Javier Perez, a Mexican national, claimed in court that he has a right to keep and bear arms just as any United States citizen does thanks to the second amendment. But the thing is, he’s an illegal alien.
In 2016, Perez was charged with firing a weapon into the air to ward off a rival gang. Now, his lawyer is claiming that he was unlawfully charged because the founders never used the word “citizen” in the Bill of Rights as a qualifier for possessing a gun.
“The Framers were clear: If they meant citizens, they would have said citizens. But they didn’t,” his defense lawyer, Samuel Jacobson, argued. “There is no suggestion that there was a concept of ‘illegal alien’ and no suggestion that if you were from a foreign country, you couldn’t bear arms.”
While he is correct: the word “citizen” is not used in the second amendment, other lawyers have found his argument to be quite faulty.
"Those who don't have legal status here have an interest in defying law enforcement. They have an interest in not maintaining a stable residence or registering a firearm," said Assistant U.S. Attorney Tanya Hajjar.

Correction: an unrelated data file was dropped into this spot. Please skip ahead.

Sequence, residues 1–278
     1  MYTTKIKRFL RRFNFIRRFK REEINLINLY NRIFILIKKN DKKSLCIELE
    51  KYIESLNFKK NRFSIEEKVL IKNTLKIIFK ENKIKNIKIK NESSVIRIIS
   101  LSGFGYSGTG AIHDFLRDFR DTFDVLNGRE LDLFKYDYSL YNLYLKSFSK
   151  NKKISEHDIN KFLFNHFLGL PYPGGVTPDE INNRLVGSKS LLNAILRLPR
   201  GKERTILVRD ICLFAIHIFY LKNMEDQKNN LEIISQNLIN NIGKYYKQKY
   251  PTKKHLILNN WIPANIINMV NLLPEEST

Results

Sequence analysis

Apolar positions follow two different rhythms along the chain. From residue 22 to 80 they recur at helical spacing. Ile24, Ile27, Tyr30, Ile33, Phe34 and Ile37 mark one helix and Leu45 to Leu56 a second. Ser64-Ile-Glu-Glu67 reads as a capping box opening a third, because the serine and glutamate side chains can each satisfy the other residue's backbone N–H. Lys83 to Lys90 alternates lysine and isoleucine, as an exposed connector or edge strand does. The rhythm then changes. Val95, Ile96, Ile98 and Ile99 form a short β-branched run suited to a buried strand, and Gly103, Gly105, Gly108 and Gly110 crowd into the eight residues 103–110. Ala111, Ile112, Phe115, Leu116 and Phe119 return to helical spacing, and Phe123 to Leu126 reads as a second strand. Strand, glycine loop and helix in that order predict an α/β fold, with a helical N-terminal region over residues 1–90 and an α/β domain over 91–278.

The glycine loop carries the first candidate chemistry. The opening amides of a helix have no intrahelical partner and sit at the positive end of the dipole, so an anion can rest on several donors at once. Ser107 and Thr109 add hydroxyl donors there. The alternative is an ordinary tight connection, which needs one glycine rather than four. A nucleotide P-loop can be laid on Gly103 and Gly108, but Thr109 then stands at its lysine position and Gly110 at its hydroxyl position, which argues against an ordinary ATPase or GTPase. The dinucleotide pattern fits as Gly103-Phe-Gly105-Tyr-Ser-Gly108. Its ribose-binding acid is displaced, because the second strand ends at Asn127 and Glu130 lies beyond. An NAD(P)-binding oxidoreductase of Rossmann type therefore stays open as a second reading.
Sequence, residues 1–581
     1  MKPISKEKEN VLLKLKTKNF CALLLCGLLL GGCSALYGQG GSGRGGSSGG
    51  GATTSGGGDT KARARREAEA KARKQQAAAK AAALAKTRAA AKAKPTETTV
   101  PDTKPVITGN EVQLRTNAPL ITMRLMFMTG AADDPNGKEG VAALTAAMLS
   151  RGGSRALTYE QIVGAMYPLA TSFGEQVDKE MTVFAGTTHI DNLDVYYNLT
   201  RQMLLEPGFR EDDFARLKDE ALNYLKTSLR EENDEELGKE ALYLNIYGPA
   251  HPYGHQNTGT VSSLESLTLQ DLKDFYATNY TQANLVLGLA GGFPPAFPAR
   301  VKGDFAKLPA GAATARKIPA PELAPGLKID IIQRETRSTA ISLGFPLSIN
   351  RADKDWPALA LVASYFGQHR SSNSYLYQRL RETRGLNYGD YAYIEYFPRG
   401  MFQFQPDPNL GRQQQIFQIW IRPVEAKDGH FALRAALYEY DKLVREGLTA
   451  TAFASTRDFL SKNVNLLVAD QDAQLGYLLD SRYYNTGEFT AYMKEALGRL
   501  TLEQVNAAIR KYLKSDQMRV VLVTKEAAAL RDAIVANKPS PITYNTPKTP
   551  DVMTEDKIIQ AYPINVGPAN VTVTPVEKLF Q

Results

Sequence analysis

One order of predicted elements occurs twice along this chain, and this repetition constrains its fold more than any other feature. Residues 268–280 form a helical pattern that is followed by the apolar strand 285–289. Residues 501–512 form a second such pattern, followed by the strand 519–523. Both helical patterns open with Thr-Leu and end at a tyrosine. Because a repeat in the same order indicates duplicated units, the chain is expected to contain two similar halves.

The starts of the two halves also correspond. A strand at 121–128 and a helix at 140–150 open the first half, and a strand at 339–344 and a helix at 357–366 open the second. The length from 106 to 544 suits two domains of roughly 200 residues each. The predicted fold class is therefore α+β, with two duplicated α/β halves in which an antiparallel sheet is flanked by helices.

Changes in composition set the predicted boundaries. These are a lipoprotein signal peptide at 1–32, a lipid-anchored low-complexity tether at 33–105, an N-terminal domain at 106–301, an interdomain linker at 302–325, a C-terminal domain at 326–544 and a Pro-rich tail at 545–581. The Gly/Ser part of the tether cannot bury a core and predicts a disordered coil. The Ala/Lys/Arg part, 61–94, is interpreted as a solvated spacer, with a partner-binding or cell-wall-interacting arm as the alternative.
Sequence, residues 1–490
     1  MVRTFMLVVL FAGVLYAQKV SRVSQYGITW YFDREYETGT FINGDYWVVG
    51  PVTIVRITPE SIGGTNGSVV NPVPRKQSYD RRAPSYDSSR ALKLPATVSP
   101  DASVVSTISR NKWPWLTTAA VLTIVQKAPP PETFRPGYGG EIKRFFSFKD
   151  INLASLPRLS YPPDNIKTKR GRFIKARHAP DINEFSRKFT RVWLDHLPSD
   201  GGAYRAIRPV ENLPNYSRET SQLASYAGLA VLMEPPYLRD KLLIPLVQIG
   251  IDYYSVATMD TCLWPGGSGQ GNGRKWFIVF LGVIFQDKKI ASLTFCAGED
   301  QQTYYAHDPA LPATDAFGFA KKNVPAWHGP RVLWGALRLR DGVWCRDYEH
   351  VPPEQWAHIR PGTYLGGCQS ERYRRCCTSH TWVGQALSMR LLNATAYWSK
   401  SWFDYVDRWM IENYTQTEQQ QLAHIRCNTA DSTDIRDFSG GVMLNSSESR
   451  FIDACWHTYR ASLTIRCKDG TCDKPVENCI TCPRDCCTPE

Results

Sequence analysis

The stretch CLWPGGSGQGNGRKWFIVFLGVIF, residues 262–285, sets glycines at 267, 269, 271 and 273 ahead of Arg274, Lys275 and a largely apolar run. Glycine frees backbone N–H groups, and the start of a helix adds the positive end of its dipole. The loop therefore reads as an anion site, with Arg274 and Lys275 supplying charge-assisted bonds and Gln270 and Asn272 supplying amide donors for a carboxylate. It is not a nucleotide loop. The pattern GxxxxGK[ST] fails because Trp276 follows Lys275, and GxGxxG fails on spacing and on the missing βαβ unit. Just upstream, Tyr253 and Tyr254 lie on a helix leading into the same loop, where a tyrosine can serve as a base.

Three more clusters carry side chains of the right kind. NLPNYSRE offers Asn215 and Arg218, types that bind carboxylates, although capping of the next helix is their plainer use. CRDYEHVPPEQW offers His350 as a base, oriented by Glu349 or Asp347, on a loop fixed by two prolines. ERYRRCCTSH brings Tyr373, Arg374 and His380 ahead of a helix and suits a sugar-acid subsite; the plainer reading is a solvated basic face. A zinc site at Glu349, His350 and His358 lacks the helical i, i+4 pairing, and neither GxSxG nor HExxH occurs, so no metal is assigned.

If convicted, Perez could face up to 10 years in prison and deportation.
In addition to Perez, another illegal alien in Florida, Mohammed Al-Ghool, 50, was charged with firing a weapon in his workplace.
In Fort Lauderdale, Al-Ghool was working behind a cash register at a gas station when he got into an argument with a customer that resulted in him taking a gun and firing it into the ceiling above the man’s head.
On Thursday, Al-Ghool was found guilty of the crime by the court’s jury, despite the fact that he, like Perez, didn’t actually hurt anyone. But Al-Ghool’s attorney is holding onto a 2008 court case that said illegals aren’t necessarily disqualified from having gun rights.
Al-Ghool also is facing up to 10 years in prison and deportation, just like Perez. Al-Ghool’s sentencing will be on October 10 of this year.